Fifteen years ago, on March 19, 2003, I resigned from the U.S. Diplomatic Corps and my position as Deputy Chief of Mission of the U.S. Embassy in Ulan Baatar, Mongolia in opposition to Bush's war on Iraq. My decision to resign over the Iraq war has been brought back into my mind vividly today in another U.S. ravaged, war-torn country -- Vietnam.
Today at the War Remnants Museum in Saigon, or Ho Chi Minh City, Vietnam, 45 years after the United States signed the Peace Treaty with North Vietnam ending official U.S. combat involvement that had, by that time, ended the lives of millions of Vietnamese and 58,000 U.S. military and over the past 45 years has been responsible for hundreds of thousands of deaths from suicides, exploding ordnance and Agent Orange. No U.S. politician nor government employee has been held responsible for the carnage wrecked upon Vietnam, nor the lies which got the U.S. into the war -- not Presidents Kennedy, Johnson or Nixon, nor Secretary of Defense McNamara, nor Secretary of State Dean Rusk.
In Iraq, 15 years later, the country is still embroiled in chaos suffering from the results of the decision of the Bush administration to invade and occupy Iraq and overthrow the government of Saddam Hussein, imprison thousands of Iraqis who while in U.S. prisons formed alliances to fight the U.S. Sectarian differences were exacerbated by the U.S. and horrific sectarian violence was unleashed by the U.S. actions.
ISIS was formed to take advantage of the chaos the U.S. caused and tens of thousands more Iraqis and Syrians have died as a direct result of the rapid creation and expansion of the ISIS caliphate and the brutal attempts to stop it. No U.S. politician nor government employee has been held responsible for the carnage wrecked upon Iraq or Syria, nor the lies which got the U.S. into the war -- not Presidents Bush, Obama or Trump, nor Secretary of Defense Rumsfeld, nor Secretary of State Powell.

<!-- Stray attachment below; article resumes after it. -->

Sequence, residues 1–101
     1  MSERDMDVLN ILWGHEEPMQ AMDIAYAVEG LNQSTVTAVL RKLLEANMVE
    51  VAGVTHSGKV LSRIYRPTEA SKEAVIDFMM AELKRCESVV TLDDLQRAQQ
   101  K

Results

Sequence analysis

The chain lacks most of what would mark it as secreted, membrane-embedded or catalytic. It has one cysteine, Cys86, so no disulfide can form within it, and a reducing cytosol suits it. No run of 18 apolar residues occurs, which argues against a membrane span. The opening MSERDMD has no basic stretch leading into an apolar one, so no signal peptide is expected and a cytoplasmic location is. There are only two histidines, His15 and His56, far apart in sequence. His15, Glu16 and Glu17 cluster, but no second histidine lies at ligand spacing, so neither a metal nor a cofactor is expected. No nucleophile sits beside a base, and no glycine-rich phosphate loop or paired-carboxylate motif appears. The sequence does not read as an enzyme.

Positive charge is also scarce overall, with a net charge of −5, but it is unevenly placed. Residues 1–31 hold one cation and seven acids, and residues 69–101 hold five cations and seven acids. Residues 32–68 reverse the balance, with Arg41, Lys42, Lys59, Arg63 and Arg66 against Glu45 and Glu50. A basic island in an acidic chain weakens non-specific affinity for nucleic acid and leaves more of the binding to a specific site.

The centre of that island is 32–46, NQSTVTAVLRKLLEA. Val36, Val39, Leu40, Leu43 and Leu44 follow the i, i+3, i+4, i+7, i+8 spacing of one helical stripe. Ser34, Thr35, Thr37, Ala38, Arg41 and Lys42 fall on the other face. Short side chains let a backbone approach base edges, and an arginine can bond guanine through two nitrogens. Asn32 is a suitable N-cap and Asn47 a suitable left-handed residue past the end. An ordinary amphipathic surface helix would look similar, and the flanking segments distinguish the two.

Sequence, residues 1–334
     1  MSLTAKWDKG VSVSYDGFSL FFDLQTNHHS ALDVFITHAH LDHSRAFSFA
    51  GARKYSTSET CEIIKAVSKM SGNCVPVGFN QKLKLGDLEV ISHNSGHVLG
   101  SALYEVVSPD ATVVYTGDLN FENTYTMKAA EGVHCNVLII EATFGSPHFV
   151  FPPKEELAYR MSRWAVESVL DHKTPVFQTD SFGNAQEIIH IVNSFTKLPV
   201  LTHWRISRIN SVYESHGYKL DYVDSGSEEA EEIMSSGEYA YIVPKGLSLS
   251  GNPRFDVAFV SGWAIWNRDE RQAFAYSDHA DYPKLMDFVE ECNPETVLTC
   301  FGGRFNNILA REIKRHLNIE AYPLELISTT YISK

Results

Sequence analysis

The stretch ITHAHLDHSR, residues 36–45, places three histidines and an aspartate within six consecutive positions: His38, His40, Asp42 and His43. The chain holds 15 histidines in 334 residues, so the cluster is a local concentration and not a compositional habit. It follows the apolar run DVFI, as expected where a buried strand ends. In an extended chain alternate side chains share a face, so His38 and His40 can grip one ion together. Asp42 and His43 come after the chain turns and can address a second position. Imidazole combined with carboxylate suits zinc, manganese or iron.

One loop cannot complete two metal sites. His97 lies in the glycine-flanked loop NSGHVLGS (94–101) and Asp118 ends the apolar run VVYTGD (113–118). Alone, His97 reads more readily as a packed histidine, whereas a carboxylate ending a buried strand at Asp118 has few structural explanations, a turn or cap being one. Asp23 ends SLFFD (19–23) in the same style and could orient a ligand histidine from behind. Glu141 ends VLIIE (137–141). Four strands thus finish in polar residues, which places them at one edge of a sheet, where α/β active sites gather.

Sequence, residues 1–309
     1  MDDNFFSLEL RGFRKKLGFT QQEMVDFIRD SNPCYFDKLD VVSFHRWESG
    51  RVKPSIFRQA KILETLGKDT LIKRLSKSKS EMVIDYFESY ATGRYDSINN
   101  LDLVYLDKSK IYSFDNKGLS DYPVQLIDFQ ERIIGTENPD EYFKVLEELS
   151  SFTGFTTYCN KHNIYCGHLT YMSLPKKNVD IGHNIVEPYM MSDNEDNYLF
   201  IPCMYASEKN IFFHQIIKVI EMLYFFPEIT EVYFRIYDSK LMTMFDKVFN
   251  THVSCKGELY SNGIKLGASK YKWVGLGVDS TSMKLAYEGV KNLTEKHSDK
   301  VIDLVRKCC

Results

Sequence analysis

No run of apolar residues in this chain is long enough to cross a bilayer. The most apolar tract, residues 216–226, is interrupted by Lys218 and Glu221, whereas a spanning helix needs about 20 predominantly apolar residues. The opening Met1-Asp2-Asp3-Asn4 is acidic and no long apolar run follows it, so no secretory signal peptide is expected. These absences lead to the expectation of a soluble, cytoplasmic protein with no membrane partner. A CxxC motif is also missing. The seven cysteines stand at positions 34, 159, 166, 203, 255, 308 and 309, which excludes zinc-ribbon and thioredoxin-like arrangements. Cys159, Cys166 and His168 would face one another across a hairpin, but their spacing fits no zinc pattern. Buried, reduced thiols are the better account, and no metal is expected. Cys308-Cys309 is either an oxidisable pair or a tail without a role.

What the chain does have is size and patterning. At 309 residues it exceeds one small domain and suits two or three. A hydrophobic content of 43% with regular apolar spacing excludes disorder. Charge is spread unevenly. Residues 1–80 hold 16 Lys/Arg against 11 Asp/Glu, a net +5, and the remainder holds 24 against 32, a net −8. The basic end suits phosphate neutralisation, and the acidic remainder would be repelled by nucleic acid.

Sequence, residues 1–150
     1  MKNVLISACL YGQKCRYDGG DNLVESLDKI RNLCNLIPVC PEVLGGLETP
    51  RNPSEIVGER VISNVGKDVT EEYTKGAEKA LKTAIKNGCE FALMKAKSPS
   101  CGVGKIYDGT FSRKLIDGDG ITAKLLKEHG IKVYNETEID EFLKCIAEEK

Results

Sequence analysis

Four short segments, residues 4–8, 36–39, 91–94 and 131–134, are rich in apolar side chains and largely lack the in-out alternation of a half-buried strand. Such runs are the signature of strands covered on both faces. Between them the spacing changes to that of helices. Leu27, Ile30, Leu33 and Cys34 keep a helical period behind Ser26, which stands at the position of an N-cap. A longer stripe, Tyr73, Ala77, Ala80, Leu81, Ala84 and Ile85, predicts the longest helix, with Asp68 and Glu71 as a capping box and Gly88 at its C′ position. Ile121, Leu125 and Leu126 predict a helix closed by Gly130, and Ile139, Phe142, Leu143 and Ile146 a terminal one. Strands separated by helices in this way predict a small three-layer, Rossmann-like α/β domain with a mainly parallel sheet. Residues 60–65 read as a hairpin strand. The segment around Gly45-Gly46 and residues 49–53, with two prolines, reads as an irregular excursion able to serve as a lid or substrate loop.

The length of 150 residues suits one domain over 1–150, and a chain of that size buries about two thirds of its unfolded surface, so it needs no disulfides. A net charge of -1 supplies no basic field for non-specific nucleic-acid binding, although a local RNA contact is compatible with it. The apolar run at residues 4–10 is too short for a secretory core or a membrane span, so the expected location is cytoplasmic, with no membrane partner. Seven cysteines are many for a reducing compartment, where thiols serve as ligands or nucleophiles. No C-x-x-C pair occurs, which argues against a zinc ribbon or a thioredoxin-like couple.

Millions of Americans protested the war on Vietnam in the 1960s and 1970s. And millions of Americans protested the war on Iraq from 2002 to 2008.
Tens of thousands of U.S. military drafted into the war on Vietnam protested that war. And thousands of U.S. military who had volunteered to go into the military, protested the war on Iraq.
Today, at the War Legacy Museum in Ho Chi Minh City, our Veterans for Peace delegation attended the opening of the exhibition"Protest of the Vietnam War by U.S. Military" which was curated by associate fellow at the Institute for Policy Studies Ron Carver.
Several in our delegation are featured in the exhibition.
Keith Mather went AWOL from basic training and became part of the "Nine for Peace," a group of GIs who "resigned" from the military in August 1968 in opposition to the war on Vietnam. They were arrested and taken to the Presidio of San Francisco stockade and charged with refusing a direct order to wear the military uniform and desertion. On October 11, 1968, a fellow prisoner in the stockade, 20-year old Richard Bunch was shot and killed by a guard when he attempted to walk away from a work detail. 27 prisoners in the stockade non-violently demonstrated against the murder by sitting down and singing "We Shall Overcome." All were charged with mutiny. Keith was sentenced to four years in prison and a dishonorable discharge. On Christmas Eve, 1968, Keith escaped from the stockade and went to Canada where he remained for 12 years. In the 1980s he quietly came back to the U.S. and in 1984 he was arrested for desertion, spent four months in confinement and then discharged from the military in May 1985. He is one of the persons featured in the documentary film on GI resistance to the Vietnam war, "Sir! No Sir."